The purpose of the Graph Streaming API is to build a unified framework for streaming graph objects. Gephi’s data structure and visualization engine has been built with the idea that a graph is not static and might change continuously. By connecting Gephi with external data-sources, we leverage its power to visualize and monitor complex systems or enterprise data in real-time. Moreover, the idea of streaming graph data goes beyond Gephi, and a unified and standardized API could bring interoperability with other available tools for graph and network analysis, as they could start to interoperate with other tools in a distributed and cooperative fashion.
Plugin Owner’s Notes
With the increasing level of connectivity and cooperation between systems, for a system that aim to be interoperable, it is imperative to comply with the available standards. Graph objects are abstractions that can represent a wide range of real-world structures, from computer networks to human interactions, and there are a lot of standards to exchange graph data in different formats, from text-based formats to xml-based formats. But the real-world structures are constantly changing, and the current formats are not suitable to exchange such type of dynamic data.
A lot of well-established systems already stream data to its users using a streaming API. Twitter for example defined a Streaming API to allow near-realtime access to its data. They are using two different formats: XML and JSON, but JSON is strongly encouraged over XML, as JSON is more compact and parsing is greatly simplified.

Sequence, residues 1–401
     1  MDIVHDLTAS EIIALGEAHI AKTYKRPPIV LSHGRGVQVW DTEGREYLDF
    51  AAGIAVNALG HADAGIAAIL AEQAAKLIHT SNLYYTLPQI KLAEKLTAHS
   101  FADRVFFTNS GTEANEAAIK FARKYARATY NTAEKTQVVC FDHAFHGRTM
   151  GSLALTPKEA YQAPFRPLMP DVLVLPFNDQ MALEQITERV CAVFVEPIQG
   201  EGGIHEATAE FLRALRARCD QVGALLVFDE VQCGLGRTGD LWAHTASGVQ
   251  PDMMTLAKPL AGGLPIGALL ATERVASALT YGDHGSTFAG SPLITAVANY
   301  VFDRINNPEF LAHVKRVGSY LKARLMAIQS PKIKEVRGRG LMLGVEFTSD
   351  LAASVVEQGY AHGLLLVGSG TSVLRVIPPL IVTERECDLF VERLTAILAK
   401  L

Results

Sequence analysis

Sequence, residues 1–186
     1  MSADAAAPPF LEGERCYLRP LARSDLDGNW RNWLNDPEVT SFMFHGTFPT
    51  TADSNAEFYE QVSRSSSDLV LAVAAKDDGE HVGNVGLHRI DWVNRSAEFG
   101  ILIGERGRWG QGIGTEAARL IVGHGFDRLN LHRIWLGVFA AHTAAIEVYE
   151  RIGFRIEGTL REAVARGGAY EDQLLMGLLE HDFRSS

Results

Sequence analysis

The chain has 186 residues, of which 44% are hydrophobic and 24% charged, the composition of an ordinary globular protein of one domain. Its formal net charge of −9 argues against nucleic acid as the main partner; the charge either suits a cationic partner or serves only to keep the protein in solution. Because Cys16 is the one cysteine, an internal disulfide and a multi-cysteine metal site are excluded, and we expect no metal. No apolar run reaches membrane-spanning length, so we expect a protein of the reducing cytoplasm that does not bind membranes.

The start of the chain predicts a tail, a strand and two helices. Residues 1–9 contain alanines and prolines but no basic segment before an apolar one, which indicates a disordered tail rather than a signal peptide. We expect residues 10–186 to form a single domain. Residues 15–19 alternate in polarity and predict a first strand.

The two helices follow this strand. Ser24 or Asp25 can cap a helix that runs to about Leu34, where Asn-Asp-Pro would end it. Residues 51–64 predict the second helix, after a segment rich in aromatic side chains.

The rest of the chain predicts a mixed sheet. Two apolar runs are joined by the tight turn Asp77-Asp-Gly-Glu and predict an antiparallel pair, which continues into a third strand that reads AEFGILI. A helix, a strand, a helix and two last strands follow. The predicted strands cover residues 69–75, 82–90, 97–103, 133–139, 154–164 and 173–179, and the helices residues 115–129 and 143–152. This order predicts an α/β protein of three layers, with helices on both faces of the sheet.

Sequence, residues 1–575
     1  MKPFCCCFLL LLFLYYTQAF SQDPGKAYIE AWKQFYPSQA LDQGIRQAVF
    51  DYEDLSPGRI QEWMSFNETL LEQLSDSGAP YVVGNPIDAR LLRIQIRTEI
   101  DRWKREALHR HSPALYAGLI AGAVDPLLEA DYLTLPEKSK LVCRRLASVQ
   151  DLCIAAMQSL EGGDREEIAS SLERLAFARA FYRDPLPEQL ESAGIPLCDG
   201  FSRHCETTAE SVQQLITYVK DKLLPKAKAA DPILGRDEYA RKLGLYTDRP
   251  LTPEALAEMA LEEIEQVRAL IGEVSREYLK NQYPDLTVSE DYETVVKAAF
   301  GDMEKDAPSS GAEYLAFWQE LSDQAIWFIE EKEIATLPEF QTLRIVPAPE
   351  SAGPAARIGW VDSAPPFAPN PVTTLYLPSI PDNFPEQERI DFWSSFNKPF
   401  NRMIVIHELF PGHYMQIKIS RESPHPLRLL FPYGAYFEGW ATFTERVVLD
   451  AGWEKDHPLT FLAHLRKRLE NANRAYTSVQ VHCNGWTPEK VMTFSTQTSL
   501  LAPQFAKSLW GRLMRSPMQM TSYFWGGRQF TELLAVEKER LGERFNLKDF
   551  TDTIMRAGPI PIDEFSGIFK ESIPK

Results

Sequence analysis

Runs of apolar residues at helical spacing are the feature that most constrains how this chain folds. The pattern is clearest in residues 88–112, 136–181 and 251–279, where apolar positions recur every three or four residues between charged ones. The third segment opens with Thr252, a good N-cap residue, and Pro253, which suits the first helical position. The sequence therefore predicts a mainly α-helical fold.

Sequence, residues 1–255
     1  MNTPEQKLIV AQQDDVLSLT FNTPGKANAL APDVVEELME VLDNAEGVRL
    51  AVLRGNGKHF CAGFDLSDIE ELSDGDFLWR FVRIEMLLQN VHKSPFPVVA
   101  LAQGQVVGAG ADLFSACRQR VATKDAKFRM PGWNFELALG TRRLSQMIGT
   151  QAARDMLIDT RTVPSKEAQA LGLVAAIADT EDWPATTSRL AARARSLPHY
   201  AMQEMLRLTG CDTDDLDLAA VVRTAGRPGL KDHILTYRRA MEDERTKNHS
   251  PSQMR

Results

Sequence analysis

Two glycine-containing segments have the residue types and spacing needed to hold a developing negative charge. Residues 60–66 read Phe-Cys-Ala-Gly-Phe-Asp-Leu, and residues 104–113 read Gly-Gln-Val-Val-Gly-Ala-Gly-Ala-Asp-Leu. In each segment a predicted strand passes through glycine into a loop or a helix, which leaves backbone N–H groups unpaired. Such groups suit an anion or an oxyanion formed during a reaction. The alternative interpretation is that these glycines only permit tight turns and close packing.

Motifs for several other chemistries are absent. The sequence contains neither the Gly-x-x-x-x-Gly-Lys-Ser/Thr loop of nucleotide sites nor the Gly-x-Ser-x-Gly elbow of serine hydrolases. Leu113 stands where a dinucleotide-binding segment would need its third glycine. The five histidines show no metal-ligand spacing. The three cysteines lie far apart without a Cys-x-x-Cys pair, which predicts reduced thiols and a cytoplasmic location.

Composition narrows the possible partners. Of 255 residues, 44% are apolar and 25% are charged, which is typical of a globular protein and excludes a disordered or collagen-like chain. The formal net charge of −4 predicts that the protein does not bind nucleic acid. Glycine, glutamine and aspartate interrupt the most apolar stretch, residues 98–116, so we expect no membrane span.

We are not the first to implement a Graph Streaming API, and another very interesting experience is the GraphStream Java Library. It is composed of an API that gives a way to add edges and nodes in a graph and make them evolve. The graphs are composed of nodes and edges that can appear, disappear or be modified, and these operations are called events. The sequence of operations that occur in a graph is seen as a stream of events.
So, as other people already had successful experiences with graph streaming, why not start our work based on these experiences? That’s what we are doing, and beyond finding these experiences very useful, we are also trying to be compatible with the available work. This Gephi Graph Streaming release is using two formats: JSON for flexibility, and a text-based format, based in the GraphStream implementation.
To illustrate how simple it will be to connect to a master, this video shows Gephi connecting to a master and visualizing the received graph data in real time. The graph in this demo is a part of the Amazon.com library, where the nodes represent books and the edges represent their similarities. For each book, a node is added, the similar books are explored, adding the similar ones as nodes and the similarity as an edge.
The Graph Streaming specification goes beyond the simple fact that a client can pull data from a master: in fact, clients can interact with the master pushing data to it, in a REST architecture. The same data format used by the master to send graph events to the clients is used by clients to interact with the master.
But what about connecting two different Gephi instances together? One instance will be master, and the other client. Using the Graph Streaming API, a change in a graph at the master’s workspace should cause a change in the client’s workspace, and a change at the client’s workspace will cause it to send requests to the master to update its graph accordingly. Both instances working in a distributed mode. In fact, different people could work in a distributed mode to construct a graph: it’s the Collaborative Graph Construction.